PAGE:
7. Heide T: A syndrome of osteogenesis imperfecta, macrocephaly, wormian bones, frontal bossing, brachytelephalangy, hyperextensible joints, congenital blindness and oligophrenia in 3 sibs (author's transl). (Article in German). Klin Padiatr. 1981, 193:334-340. 10.1055/s-2008-1034490
  8. Butani L, Rosekrans JA, Morgenstern BZ, Milliner DS: An unusual renal complication in a patient with osteogenesis imperfecta. Am J Kidney Dis. 1995, 25:489-491. 10.1016/0272-6386(95)90114-0
  9. Vetter U, Maierhofer B, Müller M, et al.: Osteogenesis imperfecta in childhood: cardiac and renal manifestations. Eur J Pediatr. 1989, 149:184-187. 10.1007/BF01958277
  10. Koletzko S, Osterrieder S: Acute infectious diarrhea in children. Dtsch Arztebl Int. 2009, 106:539-547. 10.3238/arztebl.2009.0539
  11. Drake MT, Clarke BL, Khosla S: Bisphosphonates: mechanism of action and role in clinical practice. Mayo Clin Proc. 2008, 83:1032-1045. 10.4065/83.9.1032
  12. Monti E, Mottes M, Fraschini P, et al.: Current and emerging treatments for the management of osteogenesis imperfecta. Ther Clin Risk Manag. 2010, 6:367-381. 10.2147/TCRM.S5932
  13. Devogelaer JP, Coppin C: Osteogenesis imperfecta: current treatment options and future prospects. Treat Endocrinol. 2006, 5:229-242.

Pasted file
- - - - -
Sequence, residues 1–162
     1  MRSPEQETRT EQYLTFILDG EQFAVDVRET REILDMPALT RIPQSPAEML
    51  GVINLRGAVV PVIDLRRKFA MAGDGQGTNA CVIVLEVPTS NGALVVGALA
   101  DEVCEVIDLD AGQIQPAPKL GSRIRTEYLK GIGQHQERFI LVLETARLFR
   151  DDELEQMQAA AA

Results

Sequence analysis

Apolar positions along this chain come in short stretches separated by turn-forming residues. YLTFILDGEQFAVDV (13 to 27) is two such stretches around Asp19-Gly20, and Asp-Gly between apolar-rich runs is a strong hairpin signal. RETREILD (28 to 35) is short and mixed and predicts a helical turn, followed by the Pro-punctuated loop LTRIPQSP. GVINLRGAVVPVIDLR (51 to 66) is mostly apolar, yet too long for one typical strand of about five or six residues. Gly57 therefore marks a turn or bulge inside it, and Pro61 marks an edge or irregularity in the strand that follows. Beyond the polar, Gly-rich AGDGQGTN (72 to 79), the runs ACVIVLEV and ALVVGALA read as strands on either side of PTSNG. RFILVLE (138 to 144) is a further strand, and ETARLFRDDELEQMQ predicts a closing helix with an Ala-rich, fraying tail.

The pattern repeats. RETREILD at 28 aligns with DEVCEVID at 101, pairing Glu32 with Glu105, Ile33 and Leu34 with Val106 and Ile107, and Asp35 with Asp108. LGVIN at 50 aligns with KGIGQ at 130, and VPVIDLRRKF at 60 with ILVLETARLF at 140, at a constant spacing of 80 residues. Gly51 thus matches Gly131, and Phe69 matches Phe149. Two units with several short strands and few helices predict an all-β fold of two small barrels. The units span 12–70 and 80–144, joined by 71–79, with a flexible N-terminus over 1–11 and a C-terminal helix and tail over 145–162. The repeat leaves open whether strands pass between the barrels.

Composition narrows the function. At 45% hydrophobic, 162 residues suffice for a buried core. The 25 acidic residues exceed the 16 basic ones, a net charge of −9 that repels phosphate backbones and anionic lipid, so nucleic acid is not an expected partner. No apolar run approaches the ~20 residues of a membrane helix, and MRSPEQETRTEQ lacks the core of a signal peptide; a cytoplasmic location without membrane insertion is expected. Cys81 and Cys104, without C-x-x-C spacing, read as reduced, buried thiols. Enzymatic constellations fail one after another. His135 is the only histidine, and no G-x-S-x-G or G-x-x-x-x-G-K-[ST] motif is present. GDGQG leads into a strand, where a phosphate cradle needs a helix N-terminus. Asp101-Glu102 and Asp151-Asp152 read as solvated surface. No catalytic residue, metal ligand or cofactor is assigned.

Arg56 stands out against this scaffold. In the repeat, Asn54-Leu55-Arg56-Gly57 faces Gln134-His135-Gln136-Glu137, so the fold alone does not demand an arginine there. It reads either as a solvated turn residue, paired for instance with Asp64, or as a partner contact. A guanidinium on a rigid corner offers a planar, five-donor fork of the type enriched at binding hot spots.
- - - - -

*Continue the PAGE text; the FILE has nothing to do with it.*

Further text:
14. Shaker JL, Albert C, Fritz J, Harris G: Recent developments in osteogenesis imperfecta [version 1; peer review: 3 approved]. F1000Res. 2015, 4:681. 10.12688/f1000research.6398.1
Case report
peer-reviewed

A Unique Association of Osteogenesis Imperfecta with Bilateral Renal Osteodystrophy and Gastroenteritis in a Three-year-old Boy


Author Information

Laila Tul Qadar Corresponding Author

Internal Medicine, Dow University of Health Sciences, Karachi, PAK

Rohan Kumar Ochani

Internal Medicine, Dow University of Health Sciences, Karachi, PAK

Asim Shaikh

Internal Medicine, Dow University of Health Sciences, Karachi, PAK

Qazi Arsalan

Internal Medicine, Dow University of Health Sciences, Karachi, PAK

Ramsha Ali

Pediatrics, Dow Medical College, Karachi, PAK


Ethics Statement and Conflict of Interest Disclosures

Human subjects: Consent was obtained by all participants in this study. Conflicts of interest: In compliance with the ICMJE uniform disclosure form, all authors declare the following: Payment/services info: All authors have declared that no financial support was received from any organization for the submitted work. Financial relationships: All authors have declared that they have no financial relationships at present or within the previous three years with any organizations that might have an interest in the submitted work. Other relationships: All authors have declared that there are no other relationships or activities that could appear to have influenced the submitted work.


Case report
peer-reviewed

A Unique Association of Osteogenesis Imperfecta with Bilateral Renal Osteodystrophy and Gastroenteritis in a Three-year-old Boy